EXTERIOR: the earlier western cottages comprise the five bays to the right side of the principal elevation to Crofton Road. Two of the five windows to the ground floor previously served as entrances to the distinct cottages, these being identifiable by the infilled brick panels beneath the inserted windows and the absence of gauged segmental heads (as seen above the original windows). The south-western cottage (number 331) would have been slightly larger than its neighbour, with three bays and a central door compared to the two bays of number 329. The lower part of the elevation across this part of the range is raised on roughly-coursed flint foundations. The exposed handmade red bricks show diagonal firing marks; giving a probable date range from the latter-half of the C18 to the early C19. The window to the south-west end of number 331 is a casement with bead-moulded edge detailing, indicating a similar C18 to early-C19 date range. There are stacks to both ends of the early cottages, both partially rebuilt with older bricks. The roof is clay tiled, with the rear pitch having been re-laid with slate tiles. Only the upper part of the south-west gable is exposed, showing that the pitch has been adjusted as part of the rear extension, with stock brick infilling the gap.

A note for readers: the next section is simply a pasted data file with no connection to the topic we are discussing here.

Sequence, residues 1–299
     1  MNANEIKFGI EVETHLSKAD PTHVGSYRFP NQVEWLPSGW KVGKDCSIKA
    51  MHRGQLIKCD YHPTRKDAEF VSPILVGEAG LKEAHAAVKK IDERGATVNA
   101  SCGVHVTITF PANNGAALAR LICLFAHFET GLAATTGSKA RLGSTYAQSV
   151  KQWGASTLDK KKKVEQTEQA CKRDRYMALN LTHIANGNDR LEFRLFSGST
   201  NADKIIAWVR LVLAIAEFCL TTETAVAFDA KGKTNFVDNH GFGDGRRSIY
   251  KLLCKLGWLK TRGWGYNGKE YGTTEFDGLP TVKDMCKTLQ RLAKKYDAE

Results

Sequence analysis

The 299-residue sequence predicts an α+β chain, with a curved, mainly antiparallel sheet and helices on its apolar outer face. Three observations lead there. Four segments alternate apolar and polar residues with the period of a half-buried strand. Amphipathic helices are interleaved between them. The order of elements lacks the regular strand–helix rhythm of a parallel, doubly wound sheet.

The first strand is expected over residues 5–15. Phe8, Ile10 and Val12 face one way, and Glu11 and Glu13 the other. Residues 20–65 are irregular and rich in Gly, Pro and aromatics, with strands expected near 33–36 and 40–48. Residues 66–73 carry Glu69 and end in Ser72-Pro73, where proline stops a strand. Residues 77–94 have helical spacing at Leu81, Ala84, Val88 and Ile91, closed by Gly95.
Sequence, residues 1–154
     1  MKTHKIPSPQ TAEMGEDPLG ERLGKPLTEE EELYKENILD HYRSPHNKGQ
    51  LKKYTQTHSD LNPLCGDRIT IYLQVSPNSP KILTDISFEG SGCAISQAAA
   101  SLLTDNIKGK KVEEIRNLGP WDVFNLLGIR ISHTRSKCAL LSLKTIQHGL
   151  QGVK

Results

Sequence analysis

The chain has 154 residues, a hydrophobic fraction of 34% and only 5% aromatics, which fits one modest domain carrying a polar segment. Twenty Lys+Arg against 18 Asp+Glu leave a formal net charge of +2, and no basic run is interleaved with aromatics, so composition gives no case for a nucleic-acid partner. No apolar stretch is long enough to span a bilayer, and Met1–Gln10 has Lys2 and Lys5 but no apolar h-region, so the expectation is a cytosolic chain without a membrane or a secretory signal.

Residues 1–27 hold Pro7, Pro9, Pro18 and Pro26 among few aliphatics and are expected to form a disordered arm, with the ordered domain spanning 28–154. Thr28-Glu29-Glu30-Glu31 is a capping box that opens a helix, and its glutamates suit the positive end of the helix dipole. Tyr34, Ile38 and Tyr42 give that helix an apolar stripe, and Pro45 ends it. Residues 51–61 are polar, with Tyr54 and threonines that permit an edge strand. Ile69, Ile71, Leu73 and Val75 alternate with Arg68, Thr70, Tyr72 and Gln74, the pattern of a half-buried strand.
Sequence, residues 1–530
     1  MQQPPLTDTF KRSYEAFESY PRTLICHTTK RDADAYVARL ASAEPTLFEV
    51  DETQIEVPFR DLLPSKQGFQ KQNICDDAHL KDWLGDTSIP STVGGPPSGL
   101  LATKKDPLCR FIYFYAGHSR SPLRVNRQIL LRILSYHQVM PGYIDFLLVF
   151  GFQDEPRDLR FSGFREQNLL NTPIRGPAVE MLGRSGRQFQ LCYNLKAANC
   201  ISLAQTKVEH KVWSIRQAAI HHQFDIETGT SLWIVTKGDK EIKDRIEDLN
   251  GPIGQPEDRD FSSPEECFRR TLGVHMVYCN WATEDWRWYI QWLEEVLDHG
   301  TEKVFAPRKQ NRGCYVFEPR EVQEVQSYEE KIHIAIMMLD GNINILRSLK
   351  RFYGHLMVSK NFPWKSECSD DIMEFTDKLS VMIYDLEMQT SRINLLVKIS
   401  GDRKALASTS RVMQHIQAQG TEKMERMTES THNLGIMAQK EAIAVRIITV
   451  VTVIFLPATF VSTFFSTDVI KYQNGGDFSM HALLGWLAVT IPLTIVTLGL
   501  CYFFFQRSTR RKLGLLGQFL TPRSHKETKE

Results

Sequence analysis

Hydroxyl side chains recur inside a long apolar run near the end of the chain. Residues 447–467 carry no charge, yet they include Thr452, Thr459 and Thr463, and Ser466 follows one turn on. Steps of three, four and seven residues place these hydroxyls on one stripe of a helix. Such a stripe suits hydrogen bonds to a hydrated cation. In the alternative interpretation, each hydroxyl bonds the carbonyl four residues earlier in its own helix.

The later rear elevation to numbers 329 and 331 (added as part of the extension built between 1841 and 1867) is partially obscured by later extensions (excluded from this listing), but the exposed part is mostly of yellow stock brick set on a flint foundation. The original ground-floor windows and the door have red brick segmental arched heads. The upper windows are not aligned with those on the ground floor and have been cut into the elevation, using the wall plate in place of lintels. The windows are all casement types with added tiled sills.

The later-added cottage (number 327) has a gable end at the north-east end of the building. The roof pitch of the gable is relatively shallow and the façade steps just forward of the western part of the range. There are straight brick joints at both the front and rear that make clear this part was added later to the pre-existing western cottages. The main elevation to Crofton Road has a pair of modern rectangular windows; the ground-floor window having been inserted into a widened former opening. The front door, set under a segmental arch, is original. The north-east return elevation of number 327 has a later-added brick stack. Both of the steel-framed windows to the upper floor here have been inserted. At the rear there are further multi-pane casement windows with segmental arched heads and closer bricks, all with replacement tile sills.